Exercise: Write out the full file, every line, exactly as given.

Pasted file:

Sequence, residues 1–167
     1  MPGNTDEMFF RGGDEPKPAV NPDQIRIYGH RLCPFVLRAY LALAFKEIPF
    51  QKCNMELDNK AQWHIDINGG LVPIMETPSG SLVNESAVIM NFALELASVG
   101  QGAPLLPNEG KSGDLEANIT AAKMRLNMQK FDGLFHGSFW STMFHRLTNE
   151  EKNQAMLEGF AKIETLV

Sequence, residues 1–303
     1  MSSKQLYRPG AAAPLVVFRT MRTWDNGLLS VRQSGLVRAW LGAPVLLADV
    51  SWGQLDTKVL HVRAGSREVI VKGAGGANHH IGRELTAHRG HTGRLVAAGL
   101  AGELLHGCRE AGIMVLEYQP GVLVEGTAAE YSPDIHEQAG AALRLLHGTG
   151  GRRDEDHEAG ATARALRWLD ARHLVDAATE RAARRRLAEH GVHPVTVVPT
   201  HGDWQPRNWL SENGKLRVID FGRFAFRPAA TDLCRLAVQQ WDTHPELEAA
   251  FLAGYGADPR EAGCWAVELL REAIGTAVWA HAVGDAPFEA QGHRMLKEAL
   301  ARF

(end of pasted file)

Sequence, residues 1–167
     1  MPGNTDEMFF RGGDEPKPAV NPDQIRIYGH RLCPFVLRAY LALAFKEIPF
    51  QKCNMELDNK AQWHIDINGG LVPIMETPSG SLVNESAVIM NFALELASVG
   101  QGAPLLPNEG KSGDLEANIT AAKMRLNMQK FDGLFHGSFW STMFHRLTNE
   151  EKNQAMLEGF AKIETLV

Sequence, residues 1–303
     1  MSSKQLYRPG AAAPLVVFRT MRTWDNGLLS VRQSGLVRAW LGAPVLLADV
    51  SWGQLDTKVL HVRAGSREVI VKGAGGANHH IGRELTAHRG HTGRLVAAGL
   101  AGELLHGCRE AGIMVLEYQP GVLVEGTAAE YSPDIHEQAG AALRLLHGTG
   151  GRRDEDHEAG ATARALRWLD ARHLVDAATE RAARRRLAEH GVHPVTVVPT
   201  HGDWQPRNWL SENGKLRVID FGRFAFRPAA TDLCRLAVQQ WDTHPELEAA
   251  FLAGYGADPR EAGCWAVELL REAIGTAVWA HAVGDAPFEA QGHRMLKEAL
   301  ARF